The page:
New book theorizes that because there are so many African-American men locked away in the system, Black unemployment rates and the like are skewed.
With the presidential election in full swing, and other politicians battling for congressional seats around the country, 2012 has seen more attention than usual paid to the plight of African-Americans. That’s not to say that politicians are actually, earnestly interested in helping Black communities, but many of them are at least saying they are in an effort to court the Black vote.
All that extra attention means that many people are more aware than they’ve been in a long time of Blacks’ current woes: unemployment, poverty, few educational opportunities. We know about these things and we hear about them all the time, from media outlets, of course, and from our own friends and family, as well. Chances are that, in this economy, you probably know someone who’s lost a house, been laid off or is now struggling to put food on the table. Things are bad, and we know that. Sadly, it turns out that we may not have the whole truth about just how bad they are.
According to Becky Pettit, a sociology professor at the University of Washington and the author of the new book Invisible Men: Mass Incarceration and the Myth of Black Progress, America’s prison industrial complex is responsible for skewing some of America’s most important statistics when it comes to Black men. Unemployment rates and the like are statistics put together by the Bureau of Labor Statistics, which surveys households for its data. But because Black men are disproportionately incarcerated at such high rates, Pettit argues that large chunks of data about them are missing from these surveys.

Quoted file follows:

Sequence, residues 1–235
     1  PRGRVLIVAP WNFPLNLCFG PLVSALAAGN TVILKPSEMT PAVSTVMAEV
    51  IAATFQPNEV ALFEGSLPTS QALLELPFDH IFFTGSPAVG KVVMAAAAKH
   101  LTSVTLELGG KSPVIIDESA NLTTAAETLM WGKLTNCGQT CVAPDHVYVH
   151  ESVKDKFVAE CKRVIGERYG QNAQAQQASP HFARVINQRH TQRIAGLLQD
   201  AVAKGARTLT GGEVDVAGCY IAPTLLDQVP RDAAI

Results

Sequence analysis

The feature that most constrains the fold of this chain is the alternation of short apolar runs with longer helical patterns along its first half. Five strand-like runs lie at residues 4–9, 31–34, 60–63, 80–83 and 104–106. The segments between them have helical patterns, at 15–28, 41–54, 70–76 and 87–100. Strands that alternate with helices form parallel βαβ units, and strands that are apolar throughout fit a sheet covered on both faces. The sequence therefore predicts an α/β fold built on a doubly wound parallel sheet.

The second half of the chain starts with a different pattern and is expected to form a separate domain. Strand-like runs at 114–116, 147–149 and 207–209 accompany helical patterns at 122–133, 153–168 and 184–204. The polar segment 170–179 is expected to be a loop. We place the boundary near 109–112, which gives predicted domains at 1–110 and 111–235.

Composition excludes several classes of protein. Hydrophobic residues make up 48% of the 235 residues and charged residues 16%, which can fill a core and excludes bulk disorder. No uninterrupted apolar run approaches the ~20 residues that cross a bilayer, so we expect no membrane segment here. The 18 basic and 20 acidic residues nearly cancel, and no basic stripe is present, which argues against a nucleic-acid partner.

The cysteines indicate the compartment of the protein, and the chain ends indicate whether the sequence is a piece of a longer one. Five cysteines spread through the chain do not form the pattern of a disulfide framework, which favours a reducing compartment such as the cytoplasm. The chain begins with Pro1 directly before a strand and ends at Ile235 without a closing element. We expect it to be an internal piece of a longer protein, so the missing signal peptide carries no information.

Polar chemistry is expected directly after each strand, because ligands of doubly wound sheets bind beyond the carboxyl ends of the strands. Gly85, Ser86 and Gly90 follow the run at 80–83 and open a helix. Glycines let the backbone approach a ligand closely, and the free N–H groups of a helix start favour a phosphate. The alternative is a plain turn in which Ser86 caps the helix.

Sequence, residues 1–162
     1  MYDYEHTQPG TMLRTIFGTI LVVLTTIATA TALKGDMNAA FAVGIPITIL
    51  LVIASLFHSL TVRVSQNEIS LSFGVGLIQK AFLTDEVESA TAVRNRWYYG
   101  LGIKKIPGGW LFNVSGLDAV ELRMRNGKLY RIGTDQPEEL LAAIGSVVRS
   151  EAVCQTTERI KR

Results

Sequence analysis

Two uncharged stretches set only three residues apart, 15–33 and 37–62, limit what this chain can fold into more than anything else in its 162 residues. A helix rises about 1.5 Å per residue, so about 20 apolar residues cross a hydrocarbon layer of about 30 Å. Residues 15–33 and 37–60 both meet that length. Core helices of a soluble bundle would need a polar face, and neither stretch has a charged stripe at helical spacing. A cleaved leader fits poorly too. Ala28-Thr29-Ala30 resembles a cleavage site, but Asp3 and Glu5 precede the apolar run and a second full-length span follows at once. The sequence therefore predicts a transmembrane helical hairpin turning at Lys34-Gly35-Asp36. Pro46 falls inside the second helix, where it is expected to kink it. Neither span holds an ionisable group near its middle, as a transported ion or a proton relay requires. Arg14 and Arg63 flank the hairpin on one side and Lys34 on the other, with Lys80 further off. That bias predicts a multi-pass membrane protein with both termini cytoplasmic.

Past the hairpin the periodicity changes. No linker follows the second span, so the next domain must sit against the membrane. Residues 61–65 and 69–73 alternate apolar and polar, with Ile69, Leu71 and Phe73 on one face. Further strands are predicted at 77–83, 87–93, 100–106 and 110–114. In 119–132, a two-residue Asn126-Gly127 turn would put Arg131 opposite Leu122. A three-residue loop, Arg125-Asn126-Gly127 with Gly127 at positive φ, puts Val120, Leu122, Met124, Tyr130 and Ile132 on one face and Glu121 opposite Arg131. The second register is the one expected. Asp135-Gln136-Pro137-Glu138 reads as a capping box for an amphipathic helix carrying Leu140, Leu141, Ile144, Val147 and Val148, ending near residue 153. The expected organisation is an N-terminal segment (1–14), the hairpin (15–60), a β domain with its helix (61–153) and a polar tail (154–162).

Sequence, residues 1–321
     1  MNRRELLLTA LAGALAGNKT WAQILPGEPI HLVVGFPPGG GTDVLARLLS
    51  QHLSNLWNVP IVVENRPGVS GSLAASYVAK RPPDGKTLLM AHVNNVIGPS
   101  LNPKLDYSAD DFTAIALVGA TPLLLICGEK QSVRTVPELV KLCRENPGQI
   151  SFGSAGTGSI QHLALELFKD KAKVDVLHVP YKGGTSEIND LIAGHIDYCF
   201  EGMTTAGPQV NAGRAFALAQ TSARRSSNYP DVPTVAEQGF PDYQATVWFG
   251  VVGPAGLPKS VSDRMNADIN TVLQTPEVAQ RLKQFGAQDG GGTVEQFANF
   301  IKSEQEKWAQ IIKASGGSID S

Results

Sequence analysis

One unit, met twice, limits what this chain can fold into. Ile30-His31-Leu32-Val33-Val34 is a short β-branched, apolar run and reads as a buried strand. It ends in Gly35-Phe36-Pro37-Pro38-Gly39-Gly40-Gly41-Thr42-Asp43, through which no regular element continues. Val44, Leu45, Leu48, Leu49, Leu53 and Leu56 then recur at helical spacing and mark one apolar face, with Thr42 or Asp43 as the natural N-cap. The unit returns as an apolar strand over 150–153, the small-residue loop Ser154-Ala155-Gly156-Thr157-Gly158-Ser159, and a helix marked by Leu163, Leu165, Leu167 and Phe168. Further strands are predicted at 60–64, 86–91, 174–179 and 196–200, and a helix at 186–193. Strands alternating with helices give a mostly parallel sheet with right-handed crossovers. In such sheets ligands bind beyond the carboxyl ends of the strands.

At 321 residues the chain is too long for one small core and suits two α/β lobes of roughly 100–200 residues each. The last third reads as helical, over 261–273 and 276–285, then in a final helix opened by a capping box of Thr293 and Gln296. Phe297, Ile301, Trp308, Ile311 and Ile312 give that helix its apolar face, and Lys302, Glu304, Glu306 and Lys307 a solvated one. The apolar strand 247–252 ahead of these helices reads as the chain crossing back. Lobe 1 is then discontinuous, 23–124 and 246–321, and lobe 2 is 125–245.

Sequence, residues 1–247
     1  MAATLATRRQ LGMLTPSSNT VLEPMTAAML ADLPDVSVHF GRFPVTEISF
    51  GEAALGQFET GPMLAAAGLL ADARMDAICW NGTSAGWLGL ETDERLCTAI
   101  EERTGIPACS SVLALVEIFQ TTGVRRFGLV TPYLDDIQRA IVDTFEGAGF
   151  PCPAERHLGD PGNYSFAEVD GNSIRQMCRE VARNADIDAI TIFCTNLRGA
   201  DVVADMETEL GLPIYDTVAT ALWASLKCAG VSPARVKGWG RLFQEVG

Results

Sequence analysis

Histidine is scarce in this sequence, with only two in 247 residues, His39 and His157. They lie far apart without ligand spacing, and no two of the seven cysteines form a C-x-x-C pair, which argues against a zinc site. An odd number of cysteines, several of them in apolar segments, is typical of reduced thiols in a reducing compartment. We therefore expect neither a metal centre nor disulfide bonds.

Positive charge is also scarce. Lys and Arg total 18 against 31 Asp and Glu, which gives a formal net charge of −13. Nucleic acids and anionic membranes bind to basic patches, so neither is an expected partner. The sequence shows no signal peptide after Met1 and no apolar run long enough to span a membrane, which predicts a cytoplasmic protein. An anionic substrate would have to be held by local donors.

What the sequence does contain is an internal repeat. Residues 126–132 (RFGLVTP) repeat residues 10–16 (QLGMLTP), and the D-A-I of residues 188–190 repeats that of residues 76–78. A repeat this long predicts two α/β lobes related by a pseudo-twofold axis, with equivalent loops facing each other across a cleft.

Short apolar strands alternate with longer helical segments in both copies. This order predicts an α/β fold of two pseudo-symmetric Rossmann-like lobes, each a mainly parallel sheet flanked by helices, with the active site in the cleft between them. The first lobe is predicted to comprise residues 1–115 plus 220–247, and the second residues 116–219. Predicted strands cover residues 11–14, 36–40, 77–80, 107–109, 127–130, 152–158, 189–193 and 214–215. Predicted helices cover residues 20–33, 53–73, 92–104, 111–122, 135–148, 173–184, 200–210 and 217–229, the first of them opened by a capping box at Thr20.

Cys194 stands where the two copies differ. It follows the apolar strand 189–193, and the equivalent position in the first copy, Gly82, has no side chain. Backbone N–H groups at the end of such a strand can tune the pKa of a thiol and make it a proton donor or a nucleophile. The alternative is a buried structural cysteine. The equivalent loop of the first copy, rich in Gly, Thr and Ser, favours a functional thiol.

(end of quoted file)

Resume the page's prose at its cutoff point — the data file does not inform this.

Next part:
The unemployment rate and the employment-to-population ratio reported by the U.S. Bureau of Labor Statistics are based on a survey of households — people “who are not inmates of institutions (for example, penal and mental facilities and homes for the aged) and who are not on active duty in the Armed Forces.”
The reported figures are bad enough. The employment/population ratio for Black males aged 16-24 was 33 percent in August vs. 52 percent for white males of the same age group. But the Black number is skewed upward by the exclusion of jail and prison inmates. The white number is also skewed upward, but less so because a smaller share of young white males are incarcerated.
Obviously, we need to find ways to get African-American men into more decent jobs to better help them lift themselves, their families and their communities out of poverty. That’s a given. That being said, there’s something deeply wrong with the fact that people are saying that the number of Black men in jail and mental facilities means we can’t get an accurate measurement of the Black community’s struggles anymore. Perhaps we’re arresting far too many non-violent offenders — like people busted with some marijuana, for instance — and throwing them in jail for years?
We’ve all got a lot to work on when it comes to aiding the progress of Black men, but the criminal justice system needs a lot of self-improvement, too.
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(Photo: REUTERS/Lucy Nicholson)